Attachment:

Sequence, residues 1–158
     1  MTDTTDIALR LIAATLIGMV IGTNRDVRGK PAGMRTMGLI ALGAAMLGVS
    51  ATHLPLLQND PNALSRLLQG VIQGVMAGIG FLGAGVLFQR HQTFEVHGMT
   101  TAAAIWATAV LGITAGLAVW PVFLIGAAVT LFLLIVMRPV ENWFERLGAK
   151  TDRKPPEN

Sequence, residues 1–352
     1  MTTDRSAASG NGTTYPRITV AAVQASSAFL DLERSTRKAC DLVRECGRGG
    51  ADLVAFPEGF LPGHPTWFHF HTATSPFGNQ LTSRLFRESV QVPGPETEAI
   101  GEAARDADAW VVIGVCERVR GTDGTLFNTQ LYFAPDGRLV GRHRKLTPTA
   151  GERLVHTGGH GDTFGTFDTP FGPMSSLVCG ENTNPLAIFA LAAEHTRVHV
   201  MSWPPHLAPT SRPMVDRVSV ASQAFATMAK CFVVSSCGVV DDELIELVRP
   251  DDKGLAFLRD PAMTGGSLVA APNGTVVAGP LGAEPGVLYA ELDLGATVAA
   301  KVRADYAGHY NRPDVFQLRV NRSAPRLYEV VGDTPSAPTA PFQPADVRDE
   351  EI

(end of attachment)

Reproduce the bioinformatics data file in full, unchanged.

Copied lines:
Sequence, residues 1–158
     1  MTDTTDIALR LIAATLIGMV IGTNRDVRGK PAGMRTMGLI ALGAAMLGVS
    51  ATHLPLLQND PNALSRLLQG VIQGVMAGIG FLGAGVLFQR HQTFEVHGMT
   101  TAAAIWATAV LGITAGLAVW PVFLIGAAVT LFLLIVMRPV ENWFERLGAK
   151  TDRKPPEN

Sequence, residues 1–352
     1  MTTDRSAASG NGTTYPRITV AAVQASSAFL DLERSTRKAC DLVRECGRGG
    51  ADLVAFPEGF LPGHPTWFHF HTATSPFGNQ LTSRLFRESV QVPGPETEAI
   101  GEAARDADAW VVIGVCERVR GTDGTLFNTQ LYFAPDGRLV GRHRKLTPTA
   151  GERLVHTGGH GDTFGTFDTP FGPMSSLVCG ENTNPLAIFA LAAEHTRVHV
   201  MSWPPHLAPT SRPMVDRVSV ASQAFATMAK CFVVSSCGVV DDELIELVRP
   251  DDKGLAFLRD PAMTGGSLVA APNGTVVAGP LGAEPGVLYA ELDLGATVAA
   301  KVRADYAGHY NRPDVFQLRV NRSAPRLYEV VGDTPSAPTA PFQPADVRDE
   351  EI